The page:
18 September 2012Isaiah 40:1-9
"Every valley shall be lifted up." (v. 4)
Yesterday's passage reminded us of God's role in our suffering and subsequent comfort. Today's passage tells of how that comfort becomes permanent. The writer informs us that a certain period has passed, and now new things can begin! The passage begins (verses 1-2) with a suggestion that the punishment served by Israel has been more than was necessary, and so God's comfort has been well earned. We hear the prophesy that is later reiterated by John the Baptist in both Matthew's (Matthew 3:3) and John's Gospels (John 1:23). What we don't hear from the Gospel writers (and therefore maybe not from John) is the further statement that "the glory of God shall be revealed" (v. 5), as well as the mountains and hills being made low, and ground that is uneven becoming level. Let us assume that these are metaphors for huge changes that are on the horizon.
Today's passage concludes with the proclamation to Jerusalem: "lift it up, do not fear" (v. 9). These people have previously been on the receiving end of some reprisals that they believe to be judgements upon their behaviour, yet this prophesy seems to suggest that the time is coming when good news will arrive, and everything will be different from then on, irrespective of future actions by these listeners. We, of course ascribe this passage to a prediction of Jesus' coming, which is reinforced further by John the Baptist's use of the prophecy as well. If we take the imagery of mountains, hills and valleys and suggest again that these might be metaphors, then the first readers of this text may have foreseen a time when difficulty would be removed from their lives, and things would be much more straightforward. It's an interesting thought from Isaiah, that once these obstacles are removed, then the people will see the glory of God. Is Isaiah suggesting that God's glory can't be seen past the problems or issues that we may have, or that God doesn't wish to bring God's own glory until everything is resolved? We can debate either of these meanings, and shan't ever know what the writer intended to suggest, but what I am reminded of, and reassured of is that I often feel the impact of God's glory all the more when the mountain is steep, or the valley is dark, or the world's goodness seems a long way from where I happen to be.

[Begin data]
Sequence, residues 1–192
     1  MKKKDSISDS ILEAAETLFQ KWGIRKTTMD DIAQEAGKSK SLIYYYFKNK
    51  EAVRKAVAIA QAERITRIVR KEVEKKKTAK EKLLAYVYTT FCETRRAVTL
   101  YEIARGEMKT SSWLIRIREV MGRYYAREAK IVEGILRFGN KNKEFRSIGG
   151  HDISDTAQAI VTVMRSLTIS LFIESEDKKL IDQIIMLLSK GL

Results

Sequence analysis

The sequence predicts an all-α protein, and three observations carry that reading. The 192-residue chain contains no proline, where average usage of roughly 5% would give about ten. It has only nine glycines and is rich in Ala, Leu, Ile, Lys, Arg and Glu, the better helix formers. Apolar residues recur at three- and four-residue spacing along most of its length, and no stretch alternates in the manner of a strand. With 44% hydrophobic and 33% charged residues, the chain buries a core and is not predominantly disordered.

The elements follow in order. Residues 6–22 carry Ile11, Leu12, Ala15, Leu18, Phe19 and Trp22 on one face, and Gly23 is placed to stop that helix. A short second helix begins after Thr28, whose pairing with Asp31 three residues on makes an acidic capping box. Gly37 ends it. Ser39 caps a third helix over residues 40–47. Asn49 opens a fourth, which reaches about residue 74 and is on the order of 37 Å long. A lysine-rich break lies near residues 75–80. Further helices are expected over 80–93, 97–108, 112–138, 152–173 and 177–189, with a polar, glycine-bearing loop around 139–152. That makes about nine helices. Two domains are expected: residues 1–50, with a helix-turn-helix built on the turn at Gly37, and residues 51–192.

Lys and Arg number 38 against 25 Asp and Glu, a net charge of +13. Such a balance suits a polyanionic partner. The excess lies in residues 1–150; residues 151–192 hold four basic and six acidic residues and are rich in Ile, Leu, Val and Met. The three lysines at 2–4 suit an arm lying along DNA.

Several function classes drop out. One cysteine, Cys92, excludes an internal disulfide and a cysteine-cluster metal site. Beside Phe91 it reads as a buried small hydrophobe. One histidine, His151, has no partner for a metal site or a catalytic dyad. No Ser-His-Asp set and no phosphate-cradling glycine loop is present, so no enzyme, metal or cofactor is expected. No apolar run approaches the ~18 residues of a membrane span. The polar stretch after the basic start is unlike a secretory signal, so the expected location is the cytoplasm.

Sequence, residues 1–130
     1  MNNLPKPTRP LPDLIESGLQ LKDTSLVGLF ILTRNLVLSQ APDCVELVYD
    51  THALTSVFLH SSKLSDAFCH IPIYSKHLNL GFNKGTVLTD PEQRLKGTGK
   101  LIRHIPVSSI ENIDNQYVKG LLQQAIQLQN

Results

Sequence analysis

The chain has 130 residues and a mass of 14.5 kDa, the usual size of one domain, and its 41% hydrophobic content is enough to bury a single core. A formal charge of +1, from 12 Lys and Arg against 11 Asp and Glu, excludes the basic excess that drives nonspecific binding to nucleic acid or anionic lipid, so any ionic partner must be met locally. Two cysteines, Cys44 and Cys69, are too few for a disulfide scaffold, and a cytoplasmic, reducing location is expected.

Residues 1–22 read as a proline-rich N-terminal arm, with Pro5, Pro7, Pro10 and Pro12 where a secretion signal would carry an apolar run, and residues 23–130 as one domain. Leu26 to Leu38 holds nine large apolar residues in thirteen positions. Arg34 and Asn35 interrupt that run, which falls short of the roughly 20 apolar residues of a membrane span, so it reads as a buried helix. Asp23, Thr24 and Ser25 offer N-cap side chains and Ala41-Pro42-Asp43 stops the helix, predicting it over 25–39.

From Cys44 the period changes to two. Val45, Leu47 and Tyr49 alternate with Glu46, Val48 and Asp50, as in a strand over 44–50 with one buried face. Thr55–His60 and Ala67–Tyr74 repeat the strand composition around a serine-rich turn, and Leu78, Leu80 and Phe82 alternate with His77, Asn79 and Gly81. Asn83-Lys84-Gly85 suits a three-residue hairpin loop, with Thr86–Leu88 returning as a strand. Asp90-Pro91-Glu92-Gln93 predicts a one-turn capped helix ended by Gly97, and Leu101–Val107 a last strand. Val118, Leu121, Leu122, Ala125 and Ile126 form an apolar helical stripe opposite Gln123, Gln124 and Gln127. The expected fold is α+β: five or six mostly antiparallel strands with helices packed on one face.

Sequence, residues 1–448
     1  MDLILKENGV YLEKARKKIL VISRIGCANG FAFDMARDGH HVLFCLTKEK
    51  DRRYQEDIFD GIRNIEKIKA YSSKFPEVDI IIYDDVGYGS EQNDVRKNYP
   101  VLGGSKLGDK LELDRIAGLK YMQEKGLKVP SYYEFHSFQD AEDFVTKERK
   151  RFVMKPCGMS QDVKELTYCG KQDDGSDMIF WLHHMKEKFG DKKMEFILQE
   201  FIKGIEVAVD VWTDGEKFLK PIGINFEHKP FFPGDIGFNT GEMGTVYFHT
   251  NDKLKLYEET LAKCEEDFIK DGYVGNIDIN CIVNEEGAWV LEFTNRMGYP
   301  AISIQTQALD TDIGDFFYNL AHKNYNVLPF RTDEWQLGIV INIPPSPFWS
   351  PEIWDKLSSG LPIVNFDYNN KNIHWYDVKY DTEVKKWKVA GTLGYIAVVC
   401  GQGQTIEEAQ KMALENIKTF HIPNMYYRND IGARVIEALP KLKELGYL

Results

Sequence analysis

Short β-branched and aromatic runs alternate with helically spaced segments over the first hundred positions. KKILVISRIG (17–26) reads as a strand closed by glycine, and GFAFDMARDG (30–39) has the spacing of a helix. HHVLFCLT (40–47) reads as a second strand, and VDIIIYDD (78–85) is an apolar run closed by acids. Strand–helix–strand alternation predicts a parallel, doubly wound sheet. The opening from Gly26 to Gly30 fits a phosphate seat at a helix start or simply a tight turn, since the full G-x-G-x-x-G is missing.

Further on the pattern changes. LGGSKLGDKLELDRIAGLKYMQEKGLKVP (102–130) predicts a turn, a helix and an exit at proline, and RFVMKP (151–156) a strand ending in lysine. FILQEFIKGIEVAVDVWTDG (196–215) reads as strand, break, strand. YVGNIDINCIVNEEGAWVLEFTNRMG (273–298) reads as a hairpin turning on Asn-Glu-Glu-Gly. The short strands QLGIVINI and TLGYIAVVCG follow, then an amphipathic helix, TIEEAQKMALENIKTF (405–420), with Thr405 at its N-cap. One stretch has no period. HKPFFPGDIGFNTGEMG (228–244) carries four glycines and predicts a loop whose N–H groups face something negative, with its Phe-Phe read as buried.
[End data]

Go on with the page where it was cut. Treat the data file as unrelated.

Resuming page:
"He will feed his flock like a shepherd; he will gather the lambs in his arms" writes Isaiah (Isaiah 40:11), and this image resonates through much of Scripture - we the hopeless are given hope, we the weak are sustained by God's strength and we the lost are found time and time again. Our heavenly Father is the saviour of the downtrodden and regretful Israelites, and calls out to all nations, past borders and boundaries, past inequities and regrettable histories, so that when we hear this incredible news, that we too may be brought into the fold.
- How do you think it might have felt to those Israelites who for the first time heard of better times ahead?
- To what extent can we ever truly understand the importance of the Messiah, without being part of pre-Jesus culture?
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